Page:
President Bush's endorsement Tuesday of a bill to sharply increase U.S. funding for the fight against AIDS in Africa and the Caribbean sets the stage for expected congressional approval of the legislation in coming weeks. However, some conservatives remain unhappy with the legislation.

At a White House ceremony, President Bush praised legislation that would result in $15 billion in U.S. spending on AIDS over the next five years, and urged both houses of Congress to approve it.

"HIV/AIDS is a tragedy for millions of men, women and children, and a threat to stability of entire countries and of regions of our world. Our nations have the ability, and therefore the duty, to confront this grave public health crisis," he said.

The legislation focuses on 14 countries in Africa and the Caribbean. It would provide $1 billion almost immediately to the U.N. Global Fund on AIDS, and would create a new post of coordinator to manage U.S. government activities to fight AIDS.

The bill cites as a role model Uganda's approach to AIDS prevention, called "ABC" or Abstain, Be Faithful, Use Condoms. It is credited for reducing AIDS infection rates there from 30 percent to six percent since 1987.

However, some conservative lawmakers oppose the bill in its current form, saying it places too much emphasis on condom use, and not enough on abstinence and monogamy.

President Bush's endorsement of the legislation has been criticized by some "social conservatives" and by groups who believe some of the money may go to projects supporting abortion.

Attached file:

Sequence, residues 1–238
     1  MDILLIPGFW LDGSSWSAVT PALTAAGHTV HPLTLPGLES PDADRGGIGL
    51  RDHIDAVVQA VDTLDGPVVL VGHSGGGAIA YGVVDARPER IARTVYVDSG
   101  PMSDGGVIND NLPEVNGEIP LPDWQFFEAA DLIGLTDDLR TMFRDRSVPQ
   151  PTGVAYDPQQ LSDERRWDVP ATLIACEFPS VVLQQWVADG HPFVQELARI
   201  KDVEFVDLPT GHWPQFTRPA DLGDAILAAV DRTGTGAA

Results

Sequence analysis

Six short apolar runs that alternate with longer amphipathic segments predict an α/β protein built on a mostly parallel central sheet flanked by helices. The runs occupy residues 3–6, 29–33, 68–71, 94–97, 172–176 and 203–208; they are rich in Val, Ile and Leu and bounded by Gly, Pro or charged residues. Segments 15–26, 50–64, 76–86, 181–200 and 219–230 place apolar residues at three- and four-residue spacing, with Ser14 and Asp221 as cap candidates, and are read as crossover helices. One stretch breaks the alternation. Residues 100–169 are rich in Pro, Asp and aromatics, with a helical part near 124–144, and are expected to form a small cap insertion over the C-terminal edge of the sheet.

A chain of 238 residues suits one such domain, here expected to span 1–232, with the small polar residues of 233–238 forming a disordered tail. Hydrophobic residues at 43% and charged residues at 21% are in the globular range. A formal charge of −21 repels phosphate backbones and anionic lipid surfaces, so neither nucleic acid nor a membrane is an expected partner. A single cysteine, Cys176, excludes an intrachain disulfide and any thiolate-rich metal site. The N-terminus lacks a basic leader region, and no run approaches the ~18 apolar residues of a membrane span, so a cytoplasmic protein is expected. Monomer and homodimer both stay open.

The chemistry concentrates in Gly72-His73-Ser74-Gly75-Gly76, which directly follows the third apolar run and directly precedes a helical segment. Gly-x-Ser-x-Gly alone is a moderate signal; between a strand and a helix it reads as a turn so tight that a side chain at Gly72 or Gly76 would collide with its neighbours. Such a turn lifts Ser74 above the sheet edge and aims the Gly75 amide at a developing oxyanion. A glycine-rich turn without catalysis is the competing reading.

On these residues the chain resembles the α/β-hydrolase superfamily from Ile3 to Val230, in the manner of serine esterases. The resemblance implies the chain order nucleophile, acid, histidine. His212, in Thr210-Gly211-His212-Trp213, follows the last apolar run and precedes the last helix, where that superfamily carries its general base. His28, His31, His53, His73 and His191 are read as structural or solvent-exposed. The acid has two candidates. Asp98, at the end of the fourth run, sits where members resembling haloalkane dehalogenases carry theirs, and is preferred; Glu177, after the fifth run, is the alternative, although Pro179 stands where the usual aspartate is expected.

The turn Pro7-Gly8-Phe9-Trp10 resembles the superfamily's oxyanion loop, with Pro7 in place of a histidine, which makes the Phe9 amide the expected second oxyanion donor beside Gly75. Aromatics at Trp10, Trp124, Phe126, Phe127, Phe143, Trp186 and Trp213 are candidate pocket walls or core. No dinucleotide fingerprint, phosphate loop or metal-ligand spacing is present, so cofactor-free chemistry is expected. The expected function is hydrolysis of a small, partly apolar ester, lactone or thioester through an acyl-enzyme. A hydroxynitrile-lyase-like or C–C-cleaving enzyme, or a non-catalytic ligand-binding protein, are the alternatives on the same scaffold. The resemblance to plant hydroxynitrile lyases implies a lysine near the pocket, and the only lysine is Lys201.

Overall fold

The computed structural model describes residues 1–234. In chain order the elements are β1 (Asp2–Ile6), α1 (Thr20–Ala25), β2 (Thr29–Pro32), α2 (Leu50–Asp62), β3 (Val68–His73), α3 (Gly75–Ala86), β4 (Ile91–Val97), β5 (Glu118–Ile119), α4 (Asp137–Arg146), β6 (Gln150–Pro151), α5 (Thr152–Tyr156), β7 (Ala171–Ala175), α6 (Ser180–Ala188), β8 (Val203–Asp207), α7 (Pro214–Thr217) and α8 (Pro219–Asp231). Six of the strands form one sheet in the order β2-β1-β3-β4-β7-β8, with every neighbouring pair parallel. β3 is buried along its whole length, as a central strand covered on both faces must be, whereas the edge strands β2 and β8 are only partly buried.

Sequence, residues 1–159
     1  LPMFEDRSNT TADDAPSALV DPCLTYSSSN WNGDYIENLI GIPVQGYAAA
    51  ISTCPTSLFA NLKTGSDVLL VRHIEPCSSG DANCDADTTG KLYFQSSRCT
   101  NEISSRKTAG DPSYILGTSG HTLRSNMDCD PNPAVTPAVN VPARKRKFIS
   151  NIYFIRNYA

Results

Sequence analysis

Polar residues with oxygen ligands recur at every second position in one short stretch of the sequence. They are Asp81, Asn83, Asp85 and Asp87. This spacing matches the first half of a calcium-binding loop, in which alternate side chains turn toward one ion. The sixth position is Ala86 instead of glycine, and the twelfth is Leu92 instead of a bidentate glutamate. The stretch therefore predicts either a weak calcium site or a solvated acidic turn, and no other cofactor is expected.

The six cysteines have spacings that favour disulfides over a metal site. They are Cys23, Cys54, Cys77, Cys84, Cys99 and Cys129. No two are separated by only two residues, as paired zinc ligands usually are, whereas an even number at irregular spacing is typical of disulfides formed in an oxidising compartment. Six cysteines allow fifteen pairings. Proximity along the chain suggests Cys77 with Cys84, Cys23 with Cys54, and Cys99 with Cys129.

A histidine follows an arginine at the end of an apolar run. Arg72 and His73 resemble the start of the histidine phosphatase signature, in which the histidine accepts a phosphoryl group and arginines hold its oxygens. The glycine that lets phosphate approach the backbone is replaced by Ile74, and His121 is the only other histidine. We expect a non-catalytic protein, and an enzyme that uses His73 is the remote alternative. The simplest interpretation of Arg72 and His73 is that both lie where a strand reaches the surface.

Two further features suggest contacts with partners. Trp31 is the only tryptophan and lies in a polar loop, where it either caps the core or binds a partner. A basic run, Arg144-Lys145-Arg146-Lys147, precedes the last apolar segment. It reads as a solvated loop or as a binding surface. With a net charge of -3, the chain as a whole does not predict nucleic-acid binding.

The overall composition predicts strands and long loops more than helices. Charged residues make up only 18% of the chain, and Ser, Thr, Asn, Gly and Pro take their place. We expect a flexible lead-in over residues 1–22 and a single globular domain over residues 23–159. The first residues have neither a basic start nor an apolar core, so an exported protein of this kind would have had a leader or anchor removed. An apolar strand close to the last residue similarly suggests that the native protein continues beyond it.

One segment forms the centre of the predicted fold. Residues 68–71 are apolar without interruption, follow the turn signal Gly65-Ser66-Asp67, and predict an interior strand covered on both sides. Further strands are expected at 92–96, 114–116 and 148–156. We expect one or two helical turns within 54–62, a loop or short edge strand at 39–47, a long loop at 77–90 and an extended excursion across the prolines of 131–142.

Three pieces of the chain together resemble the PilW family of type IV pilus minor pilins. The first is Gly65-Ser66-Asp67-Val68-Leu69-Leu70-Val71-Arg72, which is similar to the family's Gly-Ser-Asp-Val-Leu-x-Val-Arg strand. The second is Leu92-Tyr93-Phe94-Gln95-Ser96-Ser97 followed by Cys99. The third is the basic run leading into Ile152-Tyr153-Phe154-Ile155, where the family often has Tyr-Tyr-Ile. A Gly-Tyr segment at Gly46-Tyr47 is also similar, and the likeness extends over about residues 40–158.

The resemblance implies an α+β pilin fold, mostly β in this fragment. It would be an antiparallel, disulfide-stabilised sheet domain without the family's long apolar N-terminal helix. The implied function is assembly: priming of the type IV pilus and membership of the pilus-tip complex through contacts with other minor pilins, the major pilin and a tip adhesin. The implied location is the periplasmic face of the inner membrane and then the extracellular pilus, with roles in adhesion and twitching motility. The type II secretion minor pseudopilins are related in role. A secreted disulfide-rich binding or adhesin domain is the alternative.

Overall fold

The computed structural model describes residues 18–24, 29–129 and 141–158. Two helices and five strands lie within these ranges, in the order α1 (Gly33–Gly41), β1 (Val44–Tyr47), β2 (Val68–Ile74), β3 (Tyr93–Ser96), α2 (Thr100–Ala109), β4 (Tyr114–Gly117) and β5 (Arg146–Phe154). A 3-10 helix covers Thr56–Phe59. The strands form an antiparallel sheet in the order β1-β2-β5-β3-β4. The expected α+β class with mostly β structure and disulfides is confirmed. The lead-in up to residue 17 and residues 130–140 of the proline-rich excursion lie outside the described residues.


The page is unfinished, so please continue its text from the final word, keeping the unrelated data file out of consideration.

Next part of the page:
In a briefing before the White House ceremony, White House spokesman Ari Fleischer was asked several times about these criticisms. "The president would like to call attention, wherever there are critics, whether they are on the left or on the right, to a success that works. And the Ugandan model is a great role model," he said. "It provides a focus on abstinence, it puts an emphasis on abstinence, and yet it recognizes that that alone is not the only answer, but it is an effective model of fighting AIDS in Africa."

Mr. Fleischer noted that under the president's original AIDS initiative, announced last January, any organization would be eligible to participate, provided it doesn't use the funds to perform or promote abortion.

Earlier this month, the Republican-led House International Relations Committee rejected an effort by conservatives to strengthen language in the bill in favor of abstinence.

The president's endorsement is not likely to dissuade these lawmakers from offering amendments when the legislation comes up for debate in the full House and Senate.

Late Tuesday, the ranking Democrat on the House International Relations Committee, Tom Lantos, vowed to work with the committee's Republican chairman, Henry Hyde, to oppose any attempts to weaken the legislation.

"I fully anticipate that there may be amendments to try to undermine our approach. And I will lead the fight to defeat those amendments," he said.

President Bush wants lawmakers to approve the AIDS bill before the next congressional recess at the end of May.

The legislation could come up for a vote in the House as early as this Thursday. A Senate version could be finalized by the Foreign Relations Committee next week.